First time buyers in Northern Ireland now take three months longer to save for a house deposit than the first quarter of 2004, says new research.
House prices had increased by 14% in the same period
Those purchasing their first property are on average waiting nine months longer to save a deposit than in 1994.
National Savings and Investments (NS&I) said the time it takes to save a 5% deposit on a typical first home had increased to three years three months.
However, buyers in Northern Ireland save for the shortest amount of time.
NS&I said Northern Ireland was unique in the UK as the incomes of first time buyers had actually increased at a higher rate than house prices during this year.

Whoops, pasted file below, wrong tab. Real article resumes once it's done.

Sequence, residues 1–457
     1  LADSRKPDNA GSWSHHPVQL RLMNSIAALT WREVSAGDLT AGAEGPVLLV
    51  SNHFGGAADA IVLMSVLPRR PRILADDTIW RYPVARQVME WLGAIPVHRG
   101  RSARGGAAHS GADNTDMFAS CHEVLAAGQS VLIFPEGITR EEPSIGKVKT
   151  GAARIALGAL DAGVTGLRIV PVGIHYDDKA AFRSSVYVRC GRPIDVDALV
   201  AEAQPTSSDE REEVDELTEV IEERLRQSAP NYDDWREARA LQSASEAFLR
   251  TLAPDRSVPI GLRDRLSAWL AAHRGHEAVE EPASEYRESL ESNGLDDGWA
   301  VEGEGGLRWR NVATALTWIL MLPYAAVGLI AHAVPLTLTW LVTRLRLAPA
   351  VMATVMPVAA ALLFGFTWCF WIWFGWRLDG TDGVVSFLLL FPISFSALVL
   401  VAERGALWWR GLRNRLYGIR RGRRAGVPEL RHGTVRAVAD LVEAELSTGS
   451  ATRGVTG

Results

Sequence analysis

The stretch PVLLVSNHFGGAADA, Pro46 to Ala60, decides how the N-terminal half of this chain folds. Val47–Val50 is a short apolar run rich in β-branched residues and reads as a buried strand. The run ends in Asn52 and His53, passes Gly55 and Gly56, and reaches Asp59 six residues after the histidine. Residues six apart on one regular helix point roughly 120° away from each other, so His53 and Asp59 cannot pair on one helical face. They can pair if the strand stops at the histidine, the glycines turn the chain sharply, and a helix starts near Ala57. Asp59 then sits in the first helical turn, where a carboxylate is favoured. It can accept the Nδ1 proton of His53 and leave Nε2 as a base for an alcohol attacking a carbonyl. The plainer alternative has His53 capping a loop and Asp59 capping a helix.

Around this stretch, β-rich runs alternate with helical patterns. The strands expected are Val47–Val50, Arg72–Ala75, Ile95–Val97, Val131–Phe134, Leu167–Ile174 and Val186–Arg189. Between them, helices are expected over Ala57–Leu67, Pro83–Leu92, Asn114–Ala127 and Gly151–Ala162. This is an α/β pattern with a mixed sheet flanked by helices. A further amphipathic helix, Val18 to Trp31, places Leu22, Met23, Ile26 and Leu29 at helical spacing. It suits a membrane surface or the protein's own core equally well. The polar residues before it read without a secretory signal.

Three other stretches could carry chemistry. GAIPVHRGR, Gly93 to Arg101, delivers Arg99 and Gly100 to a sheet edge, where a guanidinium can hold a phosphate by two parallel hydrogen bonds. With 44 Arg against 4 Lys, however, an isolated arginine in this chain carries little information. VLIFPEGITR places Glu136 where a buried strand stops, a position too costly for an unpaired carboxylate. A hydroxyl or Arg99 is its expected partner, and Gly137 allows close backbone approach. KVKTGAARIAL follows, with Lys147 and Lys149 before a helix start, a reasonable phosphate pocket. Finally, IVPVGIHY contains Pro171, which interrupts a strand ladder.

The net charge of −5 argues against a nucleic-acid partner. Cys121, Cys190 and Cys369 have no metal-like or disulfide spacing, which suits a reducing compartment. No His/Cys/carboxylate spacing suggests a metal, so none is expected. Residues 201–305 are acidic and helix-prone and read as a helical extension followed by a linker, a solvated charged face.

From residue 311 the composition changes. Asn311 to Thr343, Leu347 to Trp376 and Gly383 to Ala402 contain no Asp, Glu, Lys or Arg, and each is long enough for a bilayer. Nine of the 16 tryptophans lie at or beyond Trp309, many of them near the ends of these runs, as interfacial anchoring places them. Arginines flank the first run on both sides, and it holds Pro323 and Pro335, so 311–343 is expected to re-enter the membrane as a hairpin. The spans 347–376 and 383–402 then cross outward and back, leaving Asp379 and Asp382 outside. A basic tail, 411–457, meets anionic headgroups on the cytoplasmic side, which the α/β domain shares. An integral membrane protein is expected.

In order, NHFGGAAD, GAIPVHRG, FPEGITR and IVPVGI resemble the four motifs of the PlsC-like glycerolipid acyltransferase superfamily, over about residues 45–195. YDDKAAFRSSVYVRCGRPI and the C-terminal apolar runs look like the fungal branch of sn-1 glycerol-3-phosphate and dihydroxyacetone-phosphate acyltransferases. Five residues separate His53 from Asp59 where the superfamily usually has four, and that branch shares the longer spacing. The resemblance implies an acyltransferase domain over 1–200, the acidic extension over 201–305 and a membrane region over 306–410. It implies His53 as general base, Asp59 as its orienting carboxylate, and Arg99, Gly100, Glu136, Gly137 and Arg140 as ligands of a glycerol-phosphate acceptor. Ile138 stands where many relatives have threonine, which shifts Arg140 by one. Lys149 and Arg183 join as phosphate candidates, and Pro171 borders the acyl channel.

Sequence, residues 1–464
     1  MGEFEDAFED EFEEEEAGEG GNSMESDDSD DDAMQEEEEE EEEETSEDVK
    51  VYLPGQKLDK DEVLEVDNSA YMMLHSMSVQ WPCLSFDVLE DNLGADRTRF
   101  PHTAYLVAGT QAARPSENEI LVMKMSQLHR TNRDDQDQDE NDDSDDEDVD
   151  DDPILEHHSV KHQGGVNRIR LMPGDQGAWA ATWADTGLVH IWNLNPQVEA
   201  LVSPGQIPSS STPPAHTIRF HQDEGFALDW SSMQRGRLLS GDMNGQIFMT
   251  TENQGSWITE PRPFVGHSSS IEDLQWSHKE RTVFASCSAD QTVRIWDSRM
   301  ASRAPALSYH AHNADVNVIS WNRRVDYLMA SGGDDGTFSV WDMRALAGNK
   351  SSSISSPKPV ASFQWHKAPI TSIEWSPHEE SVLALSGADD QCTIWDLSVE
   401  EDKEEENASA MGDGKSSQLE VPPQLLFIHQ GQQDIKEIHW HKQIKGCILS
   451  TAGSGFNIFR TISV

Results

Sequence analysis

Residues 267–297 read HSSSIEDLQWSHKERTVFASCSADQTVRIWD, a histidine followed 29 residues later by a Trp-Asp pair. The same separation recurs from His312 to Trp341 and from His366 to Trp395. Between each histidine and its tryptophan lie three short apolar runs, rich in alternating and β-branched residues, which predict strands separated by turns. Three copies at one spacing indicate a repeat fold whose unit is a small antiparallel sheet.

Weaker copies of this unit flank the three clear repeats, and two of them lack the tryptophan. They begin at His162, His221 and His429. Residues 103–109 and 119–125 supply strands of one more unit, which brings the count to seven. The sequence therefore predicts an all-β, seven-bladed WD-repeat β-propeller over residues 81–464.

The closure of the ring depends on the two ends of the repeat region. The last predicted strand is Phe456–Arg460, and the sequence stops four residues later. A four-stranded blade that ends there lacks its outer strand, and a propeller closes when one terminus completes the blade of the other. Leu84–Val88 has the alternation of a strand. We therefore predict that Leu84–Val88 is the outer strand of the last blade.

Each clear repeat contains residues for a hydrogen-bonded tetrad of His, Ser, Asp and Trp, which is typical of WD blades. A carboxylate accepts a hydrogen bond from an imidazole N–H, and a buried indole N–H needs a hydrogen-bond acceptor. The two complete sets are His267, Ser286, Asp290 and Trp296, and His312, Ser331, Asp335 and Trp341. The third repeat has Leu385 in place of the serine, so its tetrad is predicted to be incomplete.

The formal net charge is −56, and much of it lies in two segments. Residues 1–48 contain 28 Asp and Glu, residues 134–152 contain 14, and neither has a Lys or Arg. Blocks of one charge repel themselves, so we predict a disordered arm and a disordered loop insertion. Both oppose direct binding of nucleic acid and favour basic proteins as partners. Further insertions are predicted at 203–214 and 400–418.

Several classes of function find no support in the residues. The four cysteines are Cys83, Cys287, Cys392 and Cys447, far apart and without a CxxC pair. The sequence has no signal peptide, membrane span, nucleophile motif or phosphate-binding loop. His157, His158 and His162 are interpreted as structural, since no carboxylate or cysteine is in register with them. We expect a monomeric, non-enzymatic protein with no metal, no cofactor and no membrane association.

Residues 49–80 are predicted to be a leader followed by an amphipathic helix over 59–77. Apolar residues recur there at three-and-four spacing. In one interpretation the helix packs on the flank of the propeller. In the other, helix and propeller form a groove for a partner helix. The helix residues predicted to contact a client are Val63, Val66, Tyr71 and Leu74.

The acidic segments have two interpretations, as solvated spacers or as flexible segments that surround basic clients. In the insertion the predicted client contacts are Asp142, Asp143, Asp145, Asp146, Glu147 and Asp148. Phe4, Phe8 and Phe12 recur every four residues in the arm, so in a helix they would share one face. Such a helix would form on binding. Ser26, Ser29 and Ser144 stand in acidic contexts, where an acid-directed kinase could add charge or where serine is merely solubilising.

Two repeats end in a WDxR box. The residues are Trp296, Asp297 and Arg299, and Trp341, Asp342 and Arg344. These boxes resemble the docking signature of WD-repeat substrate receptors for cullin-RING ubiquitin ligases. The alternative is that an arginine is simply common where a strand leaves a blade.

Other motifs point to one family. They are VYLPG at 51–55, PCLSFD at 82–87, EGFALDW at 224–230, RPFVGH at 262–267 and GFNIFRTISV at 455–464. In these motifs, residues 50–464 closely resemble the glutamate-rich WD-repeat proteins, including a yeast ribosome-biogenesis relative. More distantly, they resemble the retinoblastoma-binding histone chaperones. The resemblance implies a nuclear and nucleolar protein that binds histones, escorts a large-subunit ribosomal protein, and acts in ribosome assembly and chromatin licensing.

First time buyer incomes were now 18% higher than in the first quarter of 2004.
House prices had increased by 14% in the same period, said the organisation.
'Offer some comfort'
Dax Harkins of National Savings and Investments, said, "The deposit for the average first time property in Northern Ireland is now over £4,100, but first time buyers can reduce the long-term cost of buying a home by starting to save earlier and putting as much as they can towards a deposit."
UK-wide, the increase in house prices in 2004 continued to hinder the first time buyer saving for a deposit, he said.
"Despite improved returns on savings since quarter one, moving into their first home is now an even more distant dream for many than it was at the beginning of this year.
"The evidence that, in Northern Ireland as well as some other parts of the country, the length of time it takes first time buyers to save for a deposit has stabilised will offer some comfort to those aspiring to get on the first rung of the property ladder.
"We will watch the trends over the coming months with great interest."